The device, nicknamed Wi-Peep, can fly near a building and then use the inhabitants' Wi-Fi network to identify and locate all Wi-Fi-enabled devices inside in a matter of seconds. The Wi-Peep exploits a loophole the researchers call polite Wi-Fi. Even if a network is password protected, smart devices will automatically respond to contact attempts from any device within range. The Wi-Peep sends several messages to a device as it flies and then measures the response time on each, enabling it to identify the device's location to within a meter. "The Wi-Peep devices are like lights in the visible spectrum, and the walls are like glass," Abedi said. "Using similar technology, one could track the movements of security guards inside a bank by following the location of their phones or smartwatches. Likewise, a thief could identify the location and type of smart devices in a home, including security cameras, laptops, and smart TVs, to find a good candidate for a break-in. In addition, the device's operation via drone means that it can be used quickly and remotely without much chance of the user being detected." This vulnerability relates to the location and type of devices, so is not about any access to your devices or network. It's great from thieves for example to see where your smart TVs are located in a home, and where the human's phone devices are presently. But it's also great for hostage rescuers to see where hostages are grouped in a bank vs others moving around. As it is hardware related, there is no possible software patch, and we'll need to wait for newer Wi-Fi hardware devices to be rolled out. See https://techxplore.com/news/2022-11-loophole-wi-fi-walls.html #technology #security #privacy #wipeep #vulnerability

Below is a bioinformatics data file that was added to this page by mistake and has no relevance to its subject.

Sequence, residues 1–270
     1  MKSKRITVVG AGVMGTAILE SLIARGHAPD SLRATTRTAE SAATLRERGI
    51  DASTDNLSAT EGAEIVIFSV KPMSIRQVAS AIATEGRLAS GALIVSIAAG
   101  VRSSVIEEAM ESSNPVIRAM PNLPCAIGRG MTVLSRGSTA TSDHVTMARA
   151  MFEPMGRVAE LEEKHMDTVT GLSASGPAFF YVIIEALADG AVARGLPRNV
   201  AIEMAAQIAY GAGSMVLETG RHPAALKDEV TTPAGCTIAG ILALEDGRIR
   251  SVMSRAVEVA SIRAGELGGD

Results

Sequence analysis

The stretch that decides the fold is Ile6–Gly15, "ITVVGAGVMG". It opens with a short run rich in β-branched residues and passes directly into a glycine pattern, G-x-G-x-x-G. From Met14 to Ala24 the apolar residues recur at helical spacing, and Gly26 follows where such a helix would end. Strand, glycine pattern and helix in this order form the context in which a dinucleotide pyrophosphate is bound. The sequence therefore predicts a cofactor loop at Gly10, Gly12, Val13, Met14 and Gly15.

Keyoxide is a privacy-friendly open source tool to create and verify decentralized online identities using a cryptography-based approach to bidirectional linking
Just like passports for real life identities, Keyoxide can be used to verify the online identity of people to make sure one is interacting with whom they are supposed to be and not imposters. Unlike real life passports, Keyoxide works with online identities or "personas", meaning these identities can be anonymous and one can have multiple separate personas to protect their privacy, both online and in real life. Keyoxide allows you to prove "ownership" or rather "hold" of accounts on websites, domain names, instant messaging, etc., regardless of your username. You create, or use and existing, cryptographic signature (or OpenPGP key) which acts as your digital passport to link to the various services. I used my existing key with this, and just added the notation claims per service, with my proof placed in the profile of each service I control. Whilst Keybase is still alive, since its takeover by Zoom, it has been a lot quieter. Keyoxide also allows you to self-host the service, and seems to have a lot of flexibility for the services it links to. That said, I got a good 10 of my various services linked and verified, except I've had endless issues to get my IRC and XMPP accounts verified. See https://keyoxide.org/ #technology #identity #keyoxide #opensource